A handful of PGA Tour golfers live in the Ponte Vedra Beach area and have access to TPC Sawgrass year-round, but most experienced the renovated course and practice facilities for the first time during last month’s Players Championship. The consensus? Overwhelmingly positive for the new practice paradise.
Players can virtually practice full shots in any wind direction, with a public range on the front side and a professionals-only range on the backside. In between of course includes all types of chipping, bunker areas, and even a house in the back where players can plug their devices in to watch their swing on a big screen monitor.
“Overall it’s probably the best practice facility that I’ve ever seen,” says Kyle Stanley, who was in the hunt at The Players before finishing tied for fourth. “Probably the best I’ve seen in general, just look at the condition that it’s in. I can’t think of any that are better.”
There’s also a bulkheaded replica of TPC Sawgrass’ 17th island green about 130 yards from where the players hit balls on the bigger, public side. That’s about the exact distance of arguably golf’s most famous hole.
Turf on the practice greens is the exact same as the actual greens on the course and the conditions and speeds are prepped the same as well, allowing for players to make a seamless transition when heading to competition.
“You don’t see it anywhere else” says Daniel Summerhays’ brother and coach Boyd Summerhays. “You’ll get some times when it’s the contour of the green but (these practice greens) actually will catch the same spin that a pitch shot would have done on the course.”
Within the short-game area are two different practice greens: One with undulation and the other completely flat. Scottsdale resident Kevin Streelman appreciates having a flat green because he understands the importance of keeping putting simple.
“I think it helps that one is flat, I have a flat green in my basement,” Streelman says. “It’s 18 feet x 4 feet, and I keep it flat to work on really good straight putts. If you can hit good straight putts then you can hit good breaking putts. It’s pretty sweet to have that option out there.”
The aforementioned small building on the back of the facility allows players to plug their iPads or whatever devices they’ve used to film their swing on the range into big screen monitors. Though Streelman hadn’t utilized it yet, he likes the idea.
“It’s nice if you need a break to watch some of your swing or to even take your mind off of golf to watch TV,” Streelman says. “Practice can be a grind, so I think it’s great that they have that.”
Any discussion of practice and golf ranges might be incomplete without the seemingly unstoppable practice-machine Bernhard Langer.
“It’s one of the best, if not the best facility in the world. With the different putting greens, chipping greens and different angles to hit balls in any wind direction that you want,” Langer describes.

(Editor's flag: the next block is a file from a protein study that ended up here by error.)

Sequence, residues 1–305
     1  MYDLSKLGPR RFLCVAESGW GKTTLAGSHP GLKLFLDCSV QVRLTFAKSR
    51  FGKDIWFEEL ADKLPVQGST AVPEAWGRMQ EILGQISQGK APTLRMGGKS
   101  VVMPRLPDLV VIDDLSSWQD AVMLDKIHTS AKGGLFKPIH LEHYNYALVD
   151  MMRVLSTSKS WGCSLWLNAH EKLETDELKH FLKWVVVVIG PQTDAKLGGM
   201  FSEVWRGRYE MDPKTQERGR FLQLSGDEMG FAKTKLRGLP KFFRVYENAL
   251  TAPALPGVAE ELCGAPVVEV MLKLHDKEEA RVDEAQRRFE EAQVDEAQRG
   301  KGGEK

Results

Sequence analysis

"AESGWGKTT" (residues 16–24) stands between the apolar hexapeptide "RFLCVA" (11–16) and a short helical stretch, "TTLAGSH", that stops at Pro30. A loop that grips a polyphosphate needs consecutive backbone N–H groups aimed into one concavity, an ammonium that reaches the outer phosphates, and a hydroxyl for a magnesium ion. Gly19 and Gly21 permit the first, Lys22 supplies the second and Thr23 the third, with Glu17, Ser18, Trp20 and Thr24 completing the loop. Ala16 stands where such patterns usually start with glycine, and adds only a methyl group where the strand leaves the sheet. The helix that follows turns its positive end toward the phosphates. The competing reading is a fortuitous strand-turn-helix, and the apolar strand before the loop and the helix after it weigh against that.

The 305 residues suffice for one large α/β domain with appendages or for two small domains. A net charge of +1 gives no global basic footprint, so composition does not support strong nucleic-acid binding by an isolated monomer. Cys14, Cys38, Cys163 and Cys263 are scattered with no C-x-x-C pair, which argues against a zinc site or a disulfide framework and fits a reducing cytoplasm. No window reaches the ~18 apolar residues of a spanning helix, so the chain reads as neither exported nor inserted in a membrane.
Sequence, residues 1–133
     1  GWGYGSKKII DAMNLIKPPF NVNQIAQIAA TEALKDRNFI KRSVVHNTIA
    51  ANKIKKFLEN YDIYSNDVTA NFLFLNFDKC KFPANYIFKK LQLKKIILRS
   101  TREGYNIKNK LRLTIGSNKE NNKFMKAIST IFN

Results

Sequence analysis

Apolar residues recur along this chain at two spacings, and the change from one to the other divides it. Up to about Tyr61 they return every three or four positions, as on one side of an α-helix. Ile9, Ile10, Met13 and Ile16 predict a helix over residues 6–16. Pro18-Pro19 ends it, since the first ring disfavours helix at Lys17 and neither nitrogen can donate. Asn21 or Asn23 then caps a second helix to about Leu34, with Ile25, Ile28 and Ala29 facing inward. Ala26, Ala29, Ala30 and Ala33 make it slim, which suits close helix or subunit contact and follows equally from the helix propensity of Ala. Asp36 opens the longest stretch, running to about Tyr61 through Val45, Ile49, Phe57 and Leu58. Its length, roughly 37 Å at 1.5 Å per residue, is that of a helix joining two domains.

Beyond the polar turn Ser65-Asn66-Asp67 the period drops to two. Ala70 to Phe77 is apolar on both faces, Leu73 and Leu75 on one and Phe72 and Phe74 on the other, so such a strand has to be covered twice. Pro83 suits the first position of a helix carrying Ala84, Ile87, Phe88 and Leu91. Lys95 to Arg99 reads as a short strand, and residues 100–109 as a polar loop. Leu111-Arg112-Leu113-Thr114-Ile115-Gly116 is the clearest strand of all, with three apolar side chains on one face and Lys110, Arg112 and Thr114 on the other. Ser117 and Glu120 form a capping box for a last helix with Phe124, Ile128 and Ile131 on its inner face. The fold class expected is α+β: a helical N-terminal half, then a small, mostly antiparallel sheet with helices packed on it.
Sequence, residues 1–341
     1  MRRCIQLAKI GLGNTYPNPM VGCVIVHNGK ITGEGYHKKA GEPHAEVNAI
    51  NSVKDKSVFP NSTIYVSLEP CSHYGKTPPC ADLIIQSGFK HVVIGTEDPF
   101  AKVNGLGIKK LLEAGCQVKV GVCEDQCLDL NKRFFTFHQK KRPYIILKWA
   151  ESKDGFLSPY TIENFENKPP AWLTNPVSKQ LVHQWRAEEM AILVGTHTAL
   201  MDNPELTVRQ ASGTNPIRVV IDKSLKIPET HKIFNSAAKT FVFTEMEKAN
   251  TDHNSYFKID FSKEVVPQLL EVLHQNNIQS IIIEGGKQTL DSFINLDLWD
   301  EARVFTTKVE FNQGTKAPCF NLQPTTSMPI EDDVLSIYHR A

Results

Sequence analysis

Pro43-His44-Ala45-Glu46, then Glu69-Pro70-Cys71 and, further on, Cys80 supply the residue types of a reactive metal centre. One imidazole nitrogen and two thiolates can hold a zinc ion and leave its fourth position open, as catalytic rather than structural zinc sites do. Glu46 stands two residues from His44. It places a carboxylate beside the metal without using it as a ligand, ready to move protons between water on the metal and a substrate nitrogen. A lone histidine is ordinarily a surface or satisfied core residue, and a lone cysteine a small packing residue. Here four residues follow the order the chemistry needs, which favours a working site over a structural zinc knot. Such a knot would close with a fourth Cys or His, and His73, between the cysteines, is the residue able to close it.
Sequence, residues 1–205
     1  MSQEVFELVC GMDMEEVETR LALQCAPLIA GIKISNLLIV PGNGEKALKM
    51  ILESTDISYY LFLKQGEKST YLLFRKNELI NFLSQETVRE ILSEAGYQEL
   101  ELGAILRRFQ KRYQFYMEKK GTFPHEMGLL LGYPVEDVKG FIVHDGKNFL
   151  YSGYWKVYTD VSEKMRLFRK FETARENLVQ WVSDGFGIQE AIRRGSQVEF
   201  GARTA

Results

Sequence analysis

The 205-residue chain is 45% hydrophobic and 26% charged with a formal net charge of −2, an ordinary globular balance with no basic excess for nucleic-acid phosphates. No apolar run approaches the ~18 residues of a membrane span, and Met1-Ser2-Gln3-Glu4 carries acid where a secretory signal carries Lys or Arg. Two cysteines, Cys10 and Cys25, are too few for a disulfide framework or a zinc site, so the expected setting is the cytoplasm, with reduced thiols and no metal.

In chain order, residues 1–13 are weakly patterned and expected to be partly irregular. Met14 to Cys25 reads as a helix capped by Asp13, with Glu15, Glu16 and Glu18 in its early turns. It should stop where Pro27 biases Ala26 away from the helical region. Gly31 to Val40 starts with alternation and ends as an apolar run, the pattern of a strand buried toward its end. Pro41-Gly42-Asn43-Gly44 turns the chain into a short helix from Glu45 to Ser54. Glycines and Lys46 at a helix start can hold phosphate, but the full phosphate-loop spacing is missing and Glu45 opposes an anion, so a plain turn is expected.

The 59-year-old was also quick to point out that a practice facility is rarely a major focus of a golf course.
“Most courses don’t put a lot of money or emphasis on the practice facility, they want to have a good golf course and some kind of driving range, a chipping green and a putting green,” Langer says. “But you have everything times five here. So it’s pretty cool.”
There is a portion of the facility in back that allows one to simulate swinging from different lies in an effort to best prepare players for the course.
“You can find any shot that you would on the golf course on the practice facilities somewhere if you’re looking hard enough,” Langer says. “That’s basically what a practice facility should be, (but) it’s often not possible by land restrictions or monetary or whatever it may be.”
But in this case, they have the space and the money. “It’s first class,” Ben Martin says. “This has got to be the best practice facility in the world.”
Ponte Vedra resident Jim Furyk says the backend of the range has changed significantly for the better. “In the old days you had a nice-sized area but we didn’t use half of it because the shots just weren’t realistic,” Furyk explains. “A lot of that turf was under the trees and wouldn’t grow very well. You’d get a lot of shots where you’d have the green sloped away from you, just a lot of shots that you wouldn’t practice. “There wasn’t as much usable land back there. Right now we use every inch of it.” The pitching areas have been lauded by players for their multiple greens and differing distances as well. James Hahn enjoys the options the pitching areas provide.
“It’s nice to have so many spots where you can hit from 20 to 80-yard pitch shots on fairly flat surfaces as well as teeing areas,” Hahn says.
In addition to the upgrades to the practice facilities, the Stadium Course also received a makeover with the insertion of a new pond between the sixth and seventh holes, and the reshaping of the 12th to make it a drivable, risk-reward par 4.